It is Saturday evening here in SaPa. And a lovely evening it is. The weather here changes SOOOOOO fast, my head spins.
Thank you, thank you, all of you for emailling. It is a real treat to find a computer and discover email from you. And Joseph: welcome to the land of technology. I am thrilled we can make contact from so far away and so instantly. Garret, you made my day. Steve, Donna, Orion, Deb, Vaughn, Jo Ann I love it that you write. I don’t always write back because of the connection I have, but nonetheless, I am so happy to have contact from home.
We have only been gone for 2 weeks. It seems longer to me, iin that our timelines are shifting, and our days are so full of new and curious events that if we were home, it would be a month or even a year’s worth of interesting events.
There are 54 ethnic minorities in Vietnam. Most live in other countries in southeast Asia as well, like Thailand, Laos, China, Myanmar (Burma) and Cambodia. Many have migrated from China because of political problems and oppression. Here in Vietnam, these people are tolerated but not loved. Not hated but there is a real sense among the Vietnamese that they are better than any of the 54 ethnic minorities. Some helped both the French and the Americans during the wars, especially the Hmong. It seems to me that the Hmong might be at the bottom of the heap. We met a teacher today who was Nung and it was painfully obvious that he believed he was better than the Hmong students he taught. I am sure his students know exactly how he feels.
It is strange to listen to this and very painful. One of the reasons we brought books and pencils and crayons, etc was because the ethnic minorities do not receive the same level of education that the Vietnamese receive. This teacher was assigned/volunteered to the Hmong school and his tour of duty is 3 years. But the good news is that 5 little Hmong boys bravely came over to us as we stood talking to him and I was able to get out my books. We actually ‘read’ a story together with pictures and then afterwards we looked at a word book I had brought. They bravely repeated some English words, this after their teacher had told me they were too stupid to learn English. That they were lazy and could hardly learn Vietnamese. Anyway, it was lots of fun and the boys and I had some good moments.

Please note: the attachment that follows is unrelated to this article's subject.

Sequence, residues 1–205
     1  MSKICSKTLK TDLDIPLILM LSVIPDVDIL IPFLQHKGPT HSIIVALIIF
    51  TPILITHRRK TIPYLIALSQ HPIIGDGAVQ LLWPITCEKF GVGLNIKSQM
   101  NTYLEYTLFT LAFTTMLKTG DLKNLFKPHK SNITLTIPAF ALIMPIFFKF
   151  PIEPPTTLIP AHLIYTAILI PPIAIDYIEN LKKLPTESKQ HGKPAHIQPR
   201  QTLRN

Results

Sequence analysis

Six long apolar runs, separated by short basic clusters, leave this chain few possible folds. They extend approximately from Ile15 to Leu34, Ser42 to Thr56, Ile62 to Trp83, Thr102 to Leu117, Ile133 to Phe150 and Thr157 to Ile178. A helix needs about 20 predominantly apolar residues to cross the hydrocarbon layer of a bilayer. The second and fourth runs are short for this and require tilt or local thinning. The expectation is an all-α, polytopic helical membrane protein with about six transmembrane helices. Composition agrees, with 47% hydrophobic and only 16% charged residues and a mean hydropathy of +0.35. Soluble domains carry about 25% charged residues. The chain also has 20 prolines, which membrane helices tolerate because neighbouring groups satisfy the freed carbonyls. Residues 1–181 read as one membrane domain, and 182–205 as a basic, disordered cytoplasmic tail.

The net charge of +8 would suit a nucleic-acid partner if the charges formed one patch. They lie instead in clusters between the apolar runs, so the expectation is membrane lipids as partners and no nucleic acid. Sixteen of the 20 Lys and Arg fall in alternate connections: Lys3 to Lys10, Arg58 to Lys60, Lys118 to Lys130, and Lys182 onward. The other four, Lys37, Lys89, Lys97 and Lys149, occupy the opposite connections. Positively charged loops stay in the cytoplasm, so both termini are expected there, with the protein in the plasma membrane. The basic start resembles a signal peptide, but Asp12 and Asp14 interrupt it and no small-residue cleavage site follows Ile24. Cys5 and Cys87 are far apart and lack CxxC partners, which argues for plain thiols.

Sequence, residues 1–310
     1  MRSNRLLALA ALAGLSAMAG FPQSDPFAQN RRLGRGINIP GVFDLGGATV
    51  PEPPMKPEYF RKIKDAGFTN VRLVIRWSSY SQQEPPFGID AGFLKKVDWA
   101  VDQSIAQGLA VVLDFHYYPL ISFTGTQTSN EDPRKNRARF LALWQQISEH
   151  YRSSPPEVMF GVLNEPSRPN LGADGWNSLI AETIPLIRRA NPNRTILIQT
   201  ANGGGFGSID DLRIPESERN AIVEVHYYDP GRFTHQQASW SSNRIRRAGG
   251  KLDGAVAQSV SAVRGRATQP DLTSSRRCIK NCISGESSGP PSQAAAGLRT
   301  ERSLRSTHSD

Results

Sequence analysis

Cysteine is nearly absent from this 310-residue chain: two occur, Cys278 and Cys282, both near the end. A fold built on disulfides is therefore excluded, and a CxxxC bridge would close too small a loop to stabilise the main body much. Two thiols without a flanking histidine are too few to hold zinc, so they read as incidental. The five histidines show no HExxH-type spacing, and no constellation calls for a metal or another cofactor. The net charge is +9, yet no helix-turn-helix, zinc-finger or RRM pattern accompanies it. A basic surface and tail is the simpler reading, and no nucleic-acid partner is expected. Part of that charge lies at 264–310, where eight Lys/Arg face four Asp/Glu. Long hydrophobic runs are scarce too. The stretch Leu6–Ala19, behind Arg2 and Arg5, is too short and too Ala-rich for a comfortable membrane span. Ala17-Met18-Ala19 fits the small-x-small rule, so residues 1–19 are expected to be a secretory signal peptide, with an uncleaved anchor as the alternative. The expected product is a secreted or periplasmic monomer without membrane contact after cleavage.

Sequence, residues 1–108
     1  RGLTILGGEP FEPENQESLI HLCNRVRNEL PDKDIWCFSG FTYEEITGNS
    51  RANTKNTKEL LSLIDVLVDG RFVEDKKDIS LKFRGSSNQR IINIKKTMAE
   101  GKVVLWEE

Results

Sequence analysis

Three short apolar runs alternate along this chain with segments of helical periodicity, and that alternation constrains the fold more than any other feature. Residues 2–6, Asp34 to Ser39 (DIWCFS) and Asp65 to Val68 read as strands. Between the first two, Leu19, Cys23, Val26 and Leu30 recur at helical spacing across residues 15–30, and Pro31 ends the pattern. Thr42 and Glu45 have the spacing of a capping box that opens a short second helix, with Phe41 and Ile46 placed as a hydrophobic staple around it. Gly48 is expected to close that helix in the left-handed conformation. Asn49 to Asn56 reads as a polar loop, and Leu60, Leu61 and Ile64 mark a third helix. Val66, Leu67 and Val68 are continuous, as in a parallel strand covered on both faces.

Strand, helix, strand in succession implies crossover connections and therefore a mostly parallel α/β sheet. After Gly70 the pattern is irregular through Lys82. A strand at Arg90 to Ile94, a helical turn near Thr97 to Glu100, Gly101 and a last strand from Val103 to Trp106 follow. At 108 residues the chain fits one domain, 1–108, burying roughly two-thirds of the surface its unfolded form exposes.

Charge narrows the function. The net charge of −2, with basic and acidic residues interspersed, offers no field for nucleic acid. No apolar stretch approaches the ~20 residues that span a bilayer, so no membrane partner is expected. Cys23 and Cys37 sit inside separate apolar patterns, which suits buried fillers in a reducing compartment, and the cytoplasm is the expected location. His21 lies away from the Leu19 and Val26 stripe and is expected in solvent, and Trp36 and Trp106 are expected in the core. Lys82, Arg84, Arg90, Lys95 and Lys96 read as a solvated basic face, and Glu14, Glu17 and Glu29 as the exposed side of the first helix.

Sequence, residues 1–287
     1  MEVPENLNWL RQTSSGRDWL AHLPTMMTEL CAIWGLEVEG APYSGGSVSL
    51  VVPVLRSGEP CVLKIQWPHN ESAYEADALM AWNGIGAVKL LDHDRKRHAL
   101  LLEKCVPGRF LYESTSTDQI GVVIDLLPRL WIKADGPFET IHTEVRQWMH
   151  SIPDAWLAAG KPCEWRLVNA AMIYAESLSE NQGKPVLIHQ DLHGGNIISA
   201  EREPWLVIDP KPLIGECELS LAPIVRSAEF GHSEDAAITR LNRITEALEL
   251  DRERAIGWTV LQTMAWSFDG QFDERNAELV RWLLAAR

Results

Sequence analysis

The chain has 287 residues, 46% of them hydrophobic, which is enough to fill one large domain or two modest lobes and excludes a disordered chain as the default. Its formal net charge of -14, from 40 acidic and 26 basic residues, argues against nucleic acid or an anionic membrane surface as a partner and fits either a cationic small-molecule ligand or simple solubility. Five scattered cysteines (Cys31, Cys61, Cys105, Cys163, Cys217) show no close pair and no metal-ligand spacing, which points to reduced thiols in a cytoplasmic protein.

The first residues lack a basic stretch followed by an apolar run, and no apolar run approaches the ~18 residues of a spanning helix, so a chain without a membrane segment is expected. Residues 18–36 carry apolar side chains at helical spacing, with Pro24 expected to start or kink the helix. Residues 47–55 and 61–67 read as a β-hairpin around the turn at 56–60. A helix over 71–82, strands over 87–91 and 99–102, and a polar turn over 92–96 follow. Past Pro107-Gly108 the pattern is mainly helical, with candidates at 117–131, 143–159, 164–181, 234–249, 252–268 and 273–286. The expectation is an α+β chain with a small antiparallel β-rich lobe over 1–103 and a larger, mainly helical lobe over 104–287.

We are in SaPa. SaPa was a French hilltown that was built as a resort so that the French could escape the heat of Vietnam. My guide book says that recently the town was ressurected by some of the ethnic minorities after it went to ruin. They wanted to capture some of the tourist dollars and did a pretty good job at marketing their wares and figuring this out. Khanh says that SaPa is operated by and for the Vietnamese and that the minorities come to sell their handcrafts but had no part of rebuilding the town. Who is to say what is true? But it is a fact that no minority owns hotel or restaurant space, this lucrative travel is all captured by the Vietnamese.
SaPa is at a high elevation and Fan Xi Pan mountain is outside. I believe that it is the highest mountain in southeast Asia, at 3143 meters. It was in the clouds as we came over the pass yesterday, and it snowed and hailed yesterday. It was cold, cold, cold and I bought a winter jacket from a vendor to keep warm. Also gloves. But this morning the sky was BLUE and the air was pretty warm. Life was good. We hiked through the hills, through a Hmong village, the one with the Nung teacher. We also came across many Hmong familes, but it is plain that they are not too crazy about Khanh and it is sometimes odd to be with him in the these situations. One family in particular was hoeing a small field at the side of the path and we had a conversation with them. Through Khanh, of course. The woman had 5 children, 3 of whom came running to see us. They were working very hard and lived on the other side of the valley–a long walk away. They pointed out their village, which we could see. Their 10 year old daughter (the oldest) and I sat down and ‘read’ 2 books together and she was thrilled. One book was about a family of mice. As soon as we opened that book, the children shrieked with delight and one of the boys dropped a dead mouse on the book’s pages! They had caught the mouse for their lunch and wanted to show us. We all giggled and had a great time. 5 pencils and 2 books later, we continued on our way.
Because of problems I have had on this particular computer, I am going to send and start a new message.